First Published: 2009-09-11

Iran offers plan to scrap nuclear weapons worldwide

Tehran prepared to enter into 'dialogue and negotiation' to lay the ground for lasting peace.


Middle East Online

Hashemi (R): Iran is 'intensely against nuclear weapons'

WASHINGTON - Iran is proposing to set up an international system to scrap and prohibit nuclear weapons worldwide, President Mahmoud Ahmadinejad's senior adviser said in an interview published Thursday.

Mojtaba Samareh Hashemi told The Washington Post that the Iranian package of proposals submitted Wednesday to the United States and other powers calls for the elimination of existing weapons and measures to prevent countries without weapons from acquiring them.

The revelations come as US non-profit investigative journalism group Pro Publica said it obtained a copy of Iran's secret five-page proposal package, in which Tehran said it was prepared to hold "comprehensive, all-encompassing and constructive negotiations."

The talks would address nuclear disarmament as well as a framework for the use of "clean nuclear energy," according to the document published on Pro Publica's website.

In the Post, Hashemi stopped short of promising that Iran would bow to international demands and halt its uranium enrichment program, which Washington fears is aimed at building a nuclear bomb but Tehran insists is for the peaceful use of nuclear energy.

"The methods of preventing development of nuclear weapons and a widespread system for preventing the multiplying and the proliferation of nuclear weapons are a part of the package," Hashemi said.

"Since nuclear weapons are an international threat, with the cooperation of all countries we can design an international framework that, basically, prevents research, production, multiplying and keeping nuclear weapons and also moves toward destruction of present nuclear weapons," he was quoted as saying.

"Iran is ready in this path to offer any and every kind of cooperation and effort. No country must be exempt from this international framework against nuclear weapons," Hashemi told the daily.

Iran has long called for Israel to abandon a stockpile of nuclear weapons it is widely believed to possess.

Hashemi gave no direct reply when asked repeatedly if the Iranian package contains a promise to stop uranium enrichment.

He appeared to reply affirmatively when asked if the proposal for a new framework aimed not only at eliminating existing nuclear stockpiles but also at clearing up doubts that countries like Iran aimed to build such weapons.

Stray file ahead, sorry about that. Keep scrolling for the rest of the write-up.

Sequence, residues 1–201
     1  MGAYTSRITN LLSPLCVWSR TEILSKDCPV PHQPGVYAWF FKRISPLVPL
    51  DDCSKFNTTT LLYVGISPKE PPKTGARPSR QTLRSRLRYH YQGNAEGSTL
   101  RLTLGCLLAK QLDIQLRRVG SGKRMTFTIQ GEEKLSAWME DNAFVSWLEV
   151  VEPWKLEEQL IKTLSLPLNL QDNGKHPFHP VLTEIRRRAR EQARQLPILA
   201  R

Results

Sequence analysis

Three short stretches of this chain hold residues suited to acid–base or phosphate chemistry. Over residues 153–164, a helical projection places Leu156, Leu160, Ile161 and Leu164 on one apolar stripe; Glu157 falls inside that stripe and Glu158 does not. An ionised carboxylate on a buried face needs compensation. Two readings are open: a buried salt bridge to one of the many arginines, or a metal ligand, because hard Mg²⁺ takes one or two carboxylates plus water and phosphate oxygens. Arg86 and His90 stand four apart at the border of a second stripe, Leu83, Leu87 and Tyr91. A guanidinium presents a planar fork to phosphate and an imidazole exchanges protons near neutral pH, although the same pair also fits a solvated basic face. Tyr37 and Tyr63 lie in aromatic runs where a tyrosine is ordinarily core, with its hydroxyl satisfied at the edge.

"Since today the threat of nuclear weapons comes from countries that have them, and to be secure and safe from future activities of countries that in the future will join the nuclear club, this framework must be widely implemented from now on," he said.

He suggested Iran's goal -- rather than trying to build a nuclear weapon itself -- is to establish an international system in which nobody will be allowed to make such weapons.

"Iran not only does not want to make nuclear weapons, but is actually intensely against nuclear weapons," Hashemi told the newspaper.

"In all truth, Iran is trying to establish a new regime to prevent nuclear weapons worldwide, which are an international anxiety," he was quoted as saying.

His statements dovetail with the reported Iranian document, titled "Cooperation for Peace, Justice and Progress," which said Tehran was "prepared to enter into dialogue and negotiation in order to lay the ground for lasting peace and regionally inspired and generated stability for the region and beyond."

But it stressed that "drawing lessons from the past mistakes and not insisting on futile and pointless paths that have proven to be of no avail is the prerequisite for the success in the upcoming negotiations."

The document points to several security, international and economic issues that could set the tenor for the negotiations, including efforts to combat "common security threats" including terrorism, drug-trafficking, illegal migration, organized crime and piracy.

It also said the talks should "help the people of Palestine to achieve all-embracing peace (and) lasting security." The document does not mention Israel.

The document cites a need for reform of world bodies including the United Nations and its Security Council, as well as the International Atomic Energy Agency which it said should "create the required mechanisms for use of clean nuclear energy in agriculture, industry, and medicine and power generation."

Among the economic issues Iran wants addressed, according to the document, is a commitment to finding the root causes of the global financial crisis and "designing new and just mechanisms" to prevent a recurrence.

Iran insists it has the right to develop nuclear technology, which it says is aimed at generating energy for its growing population.

Israel is the only country in the Middle Ease that actually has nuclear weapons.

Observers say due the strong Jewish and pro-Israel lobbies in the US and some European countries, these countries have taken a hypocritical stance in relation to nuclear issues in the region.

To add to the double standards, countries accusing Iran of seeking to make nuclear weapons are themselves in hold of atom bombs.


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